September 22, 2014

Dining With Tolf

A League of its Own

In an industry known for its high failure rate, the Columbia — at 100 — shines.

Robert W. Tolf | 5/1/2005
One of the highlights of this year's Golden Spoon Awards Banquet at Fort Lauderdale's smashingly successful Casa D'Angelo was the standing salute honoring Florida's oldest restaurant, the Columbia in Tampa's historic Ybor City (2117 E. 7th Ave.; 813/248-4961), this year celebrating its centennial.

In a field where the failure rate is legendary, 100 years is an incredible achievement. Four generations of the same family with the fifth in the wings, at a time when only 3% of family-owned businesses survive past the third generation. What an honor it was for Golden Spoon celebrants to raise their glasses and shout olé in tribute to the president of the Columbia Restaurant Group, Richard Gonzmart, and his wife, Melanie. Beautiful people.

A few weeks earlier, the Columbia shouted its own olé welcoming yet another Columbia to the clan. The Gonzmarts were present to welcome the newest, the seventh Columbia Restaurant, at CityPlace in West Palm Beach (651 Okeechobee Blvd., 561/820-9373).

The previous newcomers were the Columbia at Celebration (649 Front St., 407/566-1505), which opened in 1997, and the Sand Key Columbia in Clearwater (1241 Gulf Blvd., 727/596-8400), opened in 1989. The oversized ramble at the architectural wonder known as The Pier in St. Petersburg (800 2nd Ave. N.E., 727/822-8000) served its first black beans in 1988. Five years earlier, Columbia joined all the other "oldests" in St. Augustine, opening in a superbly situated site at 98 St. George St. (904/824-3341).

Oldest of all the clones opened in 1959 on Sarasota's street of round streets, at 411 St. Armand's Circle (941/388-3987). The Patio alongside has lively entertainment and always a crowd, but the music is mod, not the Flamenco that's found only at the Tampa parent.

Columbias young and old all feature the same food that's been served almost forever at the block-long happening in Ybor City -- bean soup with chorizo, sausage and potatoes in a bold chicken and ham stock, "arroz con pollo" (chicken and yellow rice), classic Cuban sandwiches and their classic 1905 salad, named for the year the little storefront cafe served its first coffee to the cigar workers of Ybor. You can make your own. Simply consult the ultimate source on the subject on all things Columbian, "The Columbia Restaurant Spanish Cookbook" by Adela Gonzmart published in 1995.

Adela's Columbia roots go back to grandfather Casimiro Hernandez, who emigrated from Cuba to Tampa and opened a cafe in 1905. Her father was Casimiro II and the second generation in charge, and she was the third with husband Cesar Gonzmart, violinist, orchestra leader, devoted father. Their sons, Richard and Casey, now president and chairman of the board, represent the fourth, exposed from their earliest years to the front room and back, extending their education here and abroad. Casey in top culinary schools in Switzerland and Spain; Richard at the hospitality schools of the Universities of Denver and Madrid. Casey spent 20 years in charge of the Columbia in Sarasota.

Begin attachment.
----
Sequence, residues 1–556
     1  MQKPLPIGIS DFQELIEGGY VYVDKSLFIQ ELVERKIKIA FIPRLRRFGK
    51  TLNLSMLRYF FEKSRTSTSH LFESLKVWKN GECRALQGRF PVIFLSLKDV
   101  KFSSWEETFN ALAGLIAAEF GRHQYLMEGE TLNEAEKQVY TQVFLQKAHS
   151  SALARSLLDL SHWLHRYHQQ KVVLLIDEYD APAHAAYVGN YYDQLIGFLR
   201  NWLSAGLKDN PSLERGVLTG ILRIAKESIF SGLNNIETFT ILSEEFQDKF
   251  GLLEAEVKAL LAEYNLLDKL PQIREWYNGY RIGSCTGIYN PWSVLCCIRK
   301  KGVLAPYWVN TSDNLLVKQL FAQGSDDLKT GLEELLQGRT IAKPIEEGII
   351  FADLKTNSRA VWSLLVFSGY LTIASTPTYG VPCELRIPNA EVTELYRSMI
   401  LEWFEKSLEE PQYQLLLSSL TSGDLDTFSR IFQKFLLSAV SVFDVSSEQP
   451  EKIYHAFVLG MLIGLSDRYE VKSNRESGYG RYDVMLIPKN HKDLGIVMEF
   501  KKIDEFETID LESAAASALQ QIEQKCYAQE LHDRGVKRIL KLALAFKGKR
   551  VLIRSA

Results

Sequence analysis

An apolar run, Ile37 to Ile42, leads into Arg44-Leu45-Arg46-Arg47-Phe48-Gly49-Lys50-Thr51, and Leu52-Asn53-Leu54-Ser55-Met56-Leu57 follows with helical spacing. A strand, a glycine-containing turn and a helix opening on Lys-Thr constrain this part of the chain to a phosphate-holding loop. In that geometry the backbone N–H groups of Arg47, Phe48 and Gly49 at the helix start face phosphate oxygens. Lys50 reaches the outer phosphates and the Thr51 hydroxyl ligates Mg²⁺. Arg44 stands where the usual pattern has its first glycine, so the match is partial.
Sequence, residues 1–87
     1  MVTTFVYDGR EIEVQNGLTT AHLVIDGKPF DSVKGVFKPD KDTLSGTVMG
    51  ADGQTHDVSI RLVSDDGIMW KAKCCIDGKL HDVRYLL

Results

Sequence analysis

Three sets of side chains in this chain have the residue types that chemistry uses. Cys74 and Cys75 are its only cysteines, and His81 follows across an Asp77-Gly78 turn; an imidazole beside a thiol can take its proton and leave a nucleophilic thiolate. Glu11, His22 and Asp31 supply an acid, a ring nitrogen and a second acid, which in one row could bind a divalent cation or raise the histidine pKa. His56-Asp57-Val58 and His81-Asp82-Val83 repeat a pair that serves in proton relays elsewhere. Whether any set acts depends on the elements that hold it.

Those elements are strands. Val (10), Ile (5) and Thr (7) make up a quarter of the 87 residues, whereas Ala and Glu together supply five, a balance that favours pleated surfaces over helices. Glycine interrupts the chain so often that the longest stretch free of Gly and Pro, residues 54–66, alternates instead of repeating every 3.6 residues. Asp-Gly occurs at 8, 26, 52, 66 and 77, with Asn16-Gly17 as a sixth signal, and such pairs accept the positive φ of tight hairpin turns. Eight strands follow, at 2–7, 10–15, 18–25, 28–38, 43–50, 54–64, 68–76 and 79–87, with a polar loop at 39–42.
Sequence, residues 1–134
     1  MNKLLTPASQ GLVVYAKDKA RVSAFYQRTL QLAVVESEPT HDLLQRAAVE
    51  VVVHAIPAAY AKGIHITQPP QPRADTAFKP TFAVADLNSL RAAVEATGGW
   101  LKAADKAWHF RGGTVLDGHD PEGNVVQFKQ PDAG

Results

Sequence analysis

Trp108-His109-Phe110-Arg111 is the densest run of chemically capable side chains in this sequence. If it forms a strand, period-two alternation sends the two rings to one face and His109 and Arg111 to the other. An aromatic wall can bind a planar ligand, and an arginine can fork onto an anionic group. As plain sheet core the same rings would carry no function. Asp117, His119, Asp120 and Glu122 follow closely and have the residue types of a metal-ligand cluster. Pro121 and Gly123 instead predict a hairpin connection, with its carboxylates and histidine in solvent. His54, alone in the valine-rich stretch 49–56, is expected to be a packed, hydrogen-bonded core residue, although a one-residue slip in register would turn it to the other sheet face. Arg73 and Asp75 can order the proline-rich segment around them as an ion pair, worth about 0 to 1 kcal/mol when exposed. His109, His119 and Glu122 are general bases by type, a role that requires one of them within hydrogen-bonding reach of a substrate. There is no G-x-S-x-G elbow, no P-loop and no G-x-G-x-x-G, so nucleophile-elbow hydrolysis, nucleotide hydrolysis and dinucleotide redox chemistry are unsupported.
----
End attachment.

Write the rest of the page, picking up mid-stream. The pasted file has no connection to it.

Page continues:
Together the Gonzmarts decided to shift expansion strategies and concentrate their considerable talents and energies on improving their current operations, launching in 1998 a structural upgrade of the block-long happening, investing $6.5 million in moderation. The kitchen was completely redone, made 21¼2 times larger and more efficient; old carpeting ripped up, exposing magnificent tiles; art was restored; new sound systems put in; and the staff was increased by 20% with new emphasis put on the landmark's banquet business. They searched near and far for suitable Spanish antiques, tiles and wrought iron, commissioning new leather upholstered dining room chairs, bringing in artifacts and collectibles from their home under the watchful loving eyes of mother Adela, whose life and love of the Columbia was memorialized in a 2004 retrospective at the Ybor City Museum, a must beginning to any introduction to Ybor City.

Her grandchildren are in training to take over. Casey has six children, one at Florida State University learning the basics and another in Tampa working part time at the Columbia, where Richard's two daughters are on the staff. The Gonzmart future is assured. Here's to the next 100 years of Columbia!

Wine Rack
The Columbia proudly promotes Spanish wines in its seven restaurants -- its newest one in CityPlace has a stunning center stage glass-enclosed wine room showcasing some of its 30,000-bottle cellar featuring more than 500 Spanish selections, including remarkable riojas, Ribera del Duero Vega Sicilia and other Denominations of Origin such as La Mancha and Madrid and Somontano, plus something very special -- a quintet of private label bottlings from south of Barcelona; the latest is a sparkling white honoring Columbia's centennial. Overseeing it all is Richard Gonzmart, who is passionate about his wines and his cellars, which hold many other outstanding vintages from countries far removed from Spain.

Tags: Dining & Travel

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